The album was recorded in the spring of 1991 at Studio D in Sausalito, California, Bear Creek Studios in Woodinville, Washington, and A&M Studios in Los Angeles, California.[24] Soundgarden chose to work with producer Terry Date, as it had on Louder Than Love, because, according to Cornell, the band had a good relationship with Date and did not want to go through the pressure of trying to find a new producer.[25] One example of the innovative techniques used to record the album is that, for the opening song, "Rusty Cage", Thayil used a wah pedal as an audio filter, which resulted in an unusual guitar sound he said produced a guitar riff that "almost sounds backward".[26]

Artwork and Title[edit]

The Badmotorfinger logo on the cover of the album was drawn by guitarist Mark Dancey of the Sub Pop band Big Chief and consists of a jagged, cyclone-like design, in the center of which is a triangle that has the album's title along the interior perimeter and a spark plug in the middle. Thayil suggested the title Badmotorfinger as a joke on the Montrose song "Bad Motor Scooter"[27] and said, regarding the title: "It was sort of off the top of my head. I simply like it because it was colorful. It was kinda aggressive, too ... It conjures up a lot of different kinds of images. We like the ambiguity in it, the way it sounded and the way it looked."[15]

Release and reception[edit]

Professional ratings
Review scores
Christgau's Consumer GuideB−[29]
Entertainment WeeklyB+[7]
Los Angeles Times[30]
The Rolling Stone Album Guide[34]

Badmotorfinger was scheduled for release on September 24, 1991, but A&M Records pushed it back to October 8 due to "production problems."[36][1] Coming a month and a half after Pearl Jam's Ten and just weeks after Nirvana's Nevermind and Red Hot Chili PeppersBlood Sugar Sex Magik (both of which were released on September 24), it has been credited with helping to break alternative rock and grunge into the mainstream.[37] Although overshadowed at the time of its release by the sudden popularity of Nevermind, the attention that album brought to the Seattle music scene helped Soundgarden get broader exposure,[38] and Badmotorfinger peaked at number 39 on the Billboard 200 album chart on February 29, 1992.[39] It was among the 100 top selling albums of 1992,[40] sold a million copies in the early 1990s,[41] and was certified platinum by the RIAA in January 1993.[3][42][43]

The album included the singles "Jesus Christ Pose", "Outshined", and "Rusty Cage", which gained considerable airtime on alternative rock radio stations. The music videos for "Outshined" and "Rusty Cage" gained considerable airtime on MTV, but the video for "Jesus Christ Pose", the album's lead single, was removed from MTV's playlist amidst widespread controversy over the perceived anti-Christian message of the song and video.[26] Promotion of the song also precipitated death threats against the band while they were on tour to support the album in the United Kingdom.[44]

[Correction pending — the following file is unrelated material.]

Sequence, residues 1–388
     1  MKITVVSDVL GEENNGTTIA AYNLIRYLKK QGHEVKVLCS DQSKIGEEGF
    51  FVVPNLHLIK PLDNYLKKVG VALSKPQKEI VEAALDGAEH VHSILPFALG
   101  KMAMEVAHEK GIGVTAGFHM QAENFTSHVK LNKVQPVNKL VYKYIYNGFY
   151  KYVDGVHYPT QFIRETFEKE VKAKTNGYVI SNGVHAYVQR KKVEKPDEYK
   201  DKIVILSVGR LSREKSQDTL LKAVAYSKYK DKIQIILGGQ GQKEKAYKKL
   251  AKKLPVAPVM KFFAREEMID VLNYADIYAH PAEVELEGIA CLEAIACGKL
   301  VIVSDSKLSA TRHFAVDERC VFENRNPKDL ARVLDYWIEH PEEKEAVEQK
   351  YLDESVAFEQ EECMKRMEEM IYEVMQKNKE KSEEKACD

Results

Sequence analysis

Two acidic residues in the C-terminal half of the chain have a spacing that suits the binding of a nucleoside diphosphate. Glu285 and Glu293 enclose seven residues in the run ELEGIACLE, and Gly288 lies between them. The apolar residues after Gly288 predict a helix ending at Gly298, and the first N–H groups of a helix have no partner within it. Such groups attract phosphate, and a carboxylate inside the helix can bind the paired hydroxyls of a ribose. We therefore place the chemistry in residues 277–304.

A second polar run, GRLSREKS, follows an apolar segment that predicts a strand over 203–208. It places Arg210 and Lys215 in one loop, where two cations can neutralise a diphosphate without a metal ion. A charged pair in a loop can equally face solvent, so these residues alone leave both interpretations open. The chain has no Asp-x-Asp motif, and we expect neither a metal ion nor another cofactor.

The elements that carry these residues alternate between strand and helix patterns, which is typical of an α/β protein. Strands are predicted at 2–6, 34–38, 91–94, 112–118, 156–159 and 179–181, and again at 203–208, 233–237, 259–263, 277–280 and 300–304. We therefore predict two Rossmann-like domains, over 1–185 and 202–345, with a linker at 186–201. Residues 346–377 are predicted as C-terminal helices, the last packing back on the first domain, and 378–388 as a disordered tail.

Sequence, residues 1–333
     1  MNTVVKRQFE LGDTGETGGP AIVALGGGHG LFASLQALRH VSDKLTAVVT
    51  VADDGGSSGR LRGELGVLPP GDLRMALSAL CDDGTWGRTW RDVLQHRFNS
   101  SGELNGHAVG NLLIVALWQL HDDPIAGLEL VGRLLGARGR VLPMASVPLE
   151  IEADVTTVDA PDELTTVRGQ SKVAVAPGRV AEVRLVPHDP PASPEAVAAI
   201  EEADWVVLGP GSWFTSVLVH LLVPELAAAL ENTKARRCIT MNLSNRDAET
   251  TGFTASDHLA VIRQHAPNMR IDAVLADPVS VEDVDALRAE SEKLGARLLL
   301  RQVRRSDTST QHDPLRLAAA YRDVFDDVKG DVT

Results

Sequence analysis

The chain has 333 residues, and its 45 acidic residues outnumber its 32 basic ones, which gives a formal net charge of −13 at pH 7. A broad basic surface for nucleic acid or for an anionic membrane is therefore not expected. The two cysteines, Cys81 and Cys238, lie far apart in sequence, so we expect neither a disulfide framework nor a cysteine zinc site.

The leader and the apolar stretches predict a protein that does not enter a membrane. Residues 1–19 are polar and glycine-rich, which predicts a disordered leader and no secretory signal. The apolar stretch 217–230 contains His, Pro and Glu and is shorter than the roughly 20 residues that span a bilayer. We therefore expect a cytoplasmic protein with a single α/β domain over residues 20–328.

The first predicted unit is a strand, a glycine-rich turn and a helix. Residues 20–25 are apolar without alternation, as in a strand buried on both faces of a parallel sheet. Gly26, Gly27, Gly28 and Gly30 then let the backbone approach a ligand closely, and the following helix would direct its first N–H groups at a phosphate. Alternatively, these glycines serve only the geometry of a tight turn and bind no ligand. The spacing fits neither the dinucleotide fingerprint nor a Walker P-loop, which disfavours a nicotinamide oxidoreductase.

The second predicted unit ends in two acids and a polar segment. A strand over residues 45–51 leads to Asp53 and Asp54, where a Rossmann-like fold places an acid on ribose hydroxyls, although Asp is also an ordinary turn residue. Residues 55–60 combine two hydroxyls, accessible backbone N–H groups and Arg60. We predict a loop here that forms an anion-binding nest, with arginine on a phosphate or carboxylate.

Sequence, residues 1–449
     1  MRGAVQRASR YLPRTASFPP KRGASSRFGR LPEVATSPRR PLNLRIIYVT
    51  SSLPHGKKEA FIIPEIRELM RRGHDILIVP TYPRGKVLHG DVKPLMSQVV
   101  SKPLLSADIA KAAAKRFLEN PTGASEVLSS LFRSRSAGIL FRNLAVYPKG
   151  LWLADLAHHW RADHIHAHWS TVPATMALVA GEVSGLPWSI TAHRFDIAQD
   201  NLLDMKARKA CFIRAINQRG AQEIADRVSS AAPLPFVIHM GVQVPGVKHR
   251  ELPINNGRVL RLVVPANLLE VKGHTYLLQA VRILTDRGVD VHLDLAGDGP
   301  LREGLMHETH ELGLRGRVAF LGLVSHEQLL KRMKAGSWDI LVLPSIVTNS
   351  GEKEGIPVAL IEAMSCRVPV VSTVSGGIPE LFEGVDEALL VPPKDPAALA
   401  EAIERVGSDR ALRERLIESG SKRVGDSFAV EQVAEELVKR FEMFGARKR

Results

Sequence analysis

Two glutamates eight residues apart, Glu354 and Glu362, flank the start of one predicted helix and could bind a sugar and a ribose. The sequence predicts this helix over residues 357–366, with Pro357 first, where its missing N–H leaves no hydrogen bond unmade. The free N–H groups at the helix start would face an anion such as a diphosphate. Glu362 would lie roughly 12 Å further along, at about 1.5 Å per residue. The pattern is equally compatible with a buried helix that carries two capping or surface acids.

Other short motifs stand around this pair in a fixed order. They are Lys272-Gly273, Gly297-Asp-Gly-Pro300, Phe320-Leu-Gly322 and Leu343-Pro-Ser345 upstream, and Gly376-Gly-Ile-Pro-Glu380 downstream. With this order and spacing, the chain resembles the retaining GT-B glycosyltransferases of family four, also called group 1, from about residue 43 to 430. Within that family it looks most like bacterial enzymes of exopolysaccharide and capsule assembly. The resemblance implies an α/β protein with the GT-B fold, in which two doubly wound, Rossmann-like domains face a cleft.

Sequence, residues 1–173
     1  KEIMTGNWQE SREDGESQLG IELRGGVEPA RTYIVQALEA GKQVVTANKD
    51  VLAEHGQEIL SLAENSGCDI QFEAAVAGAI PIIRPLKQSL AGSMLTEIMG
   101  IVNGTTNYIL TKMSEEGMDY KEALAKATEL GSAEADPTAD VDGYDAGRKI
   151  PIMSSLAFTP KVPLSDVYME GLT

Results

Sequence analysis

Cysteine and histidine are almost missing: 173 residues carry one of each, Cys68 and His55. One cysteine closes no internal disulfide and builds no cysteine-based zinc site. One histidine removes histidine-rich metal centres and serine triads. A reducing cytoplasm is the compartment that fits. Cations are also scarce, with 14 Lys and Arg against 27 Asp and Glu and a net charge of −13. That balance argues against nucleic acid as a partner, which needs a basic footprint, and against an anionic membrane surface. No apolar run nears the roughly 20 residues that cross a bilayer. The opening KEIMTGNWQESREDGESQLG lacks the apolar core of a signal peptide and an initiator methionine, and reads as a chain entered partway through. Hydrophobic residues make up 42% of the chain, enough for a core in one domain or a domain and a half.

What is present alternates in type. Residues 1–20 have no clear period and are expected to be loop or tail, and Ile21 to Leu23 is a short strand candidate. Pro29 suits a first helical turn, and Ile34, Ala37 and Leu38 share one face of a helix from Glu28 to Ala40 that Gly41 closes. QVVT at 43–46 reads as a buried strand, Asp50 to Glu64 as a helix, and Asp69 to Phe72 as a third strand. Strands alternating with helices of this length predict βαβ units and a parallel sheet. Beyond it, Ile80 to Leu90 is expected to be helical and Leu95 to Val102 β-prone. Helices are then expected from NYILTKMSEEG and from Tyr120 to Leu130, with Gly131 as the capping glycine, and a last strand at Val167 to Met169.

In a contemporary review for Spin, Lauren Spencer hailed Badmotorfinger as a "garden of sound" that drew on older hard rock influences without sounding "derivative".[45] Entertainment Weekly critic Gina Arnold commended Soundgarden for writing more engagingly than their contemporaries, "who seldom get beyond extolling booze, girls, and cars". She concluded in her review that the record was more "stylishly bombastic rather than bludgeoningly bombastic. Tuneless heavy metal is, after all, still tuneless heavy metal, and in that department, Soundgarden are as functional as they make 'em."[7] Writing for NME, Keith Cameron said that the band had found "a cool balance" between Cornell's "bluesy screams" and Thayil's "brutish riff powerplay" on Badmotorfinger, rendering the album more "stripped down, lithe and lethal" than Louder Than Love.[32] Retrospectively, AllMusic staff-writer Steve Huey deemed Badmotorfinger "heavy, challenging hard rock full of intellectual sensibility and complex band interplay",[8] while Ann Powers of Blender commented that "Cornell strikes the perfect Jesus Christ pose on this sonic wallop".[28] Robert Christgau was less enthusiastic, finding it "credible" as a metal record because of Thayil's impressive use of guitar noise, but less impressive lyrically, writing: "Chris Cornell howls on about 'lookin for the paradigm' and 'your Jesus Christ pose' (I swear, that's the good stuff)".[29]

At the 1992 Grammy Awards, Badmotorfinger received a nomination for Best Metal Performance.[46] That same year, the album won a Northwest Area Music Award for Best Metal Album.[47]

It was ranked number 45 in the October 2006 issue of Guitar World on the magazine's list of the 100 greatest guitar albums of all time.[48] Also, in April 2019, was ranked number 2 on Rolling Stone's "50 Greatest Grunge Albums" list.[49]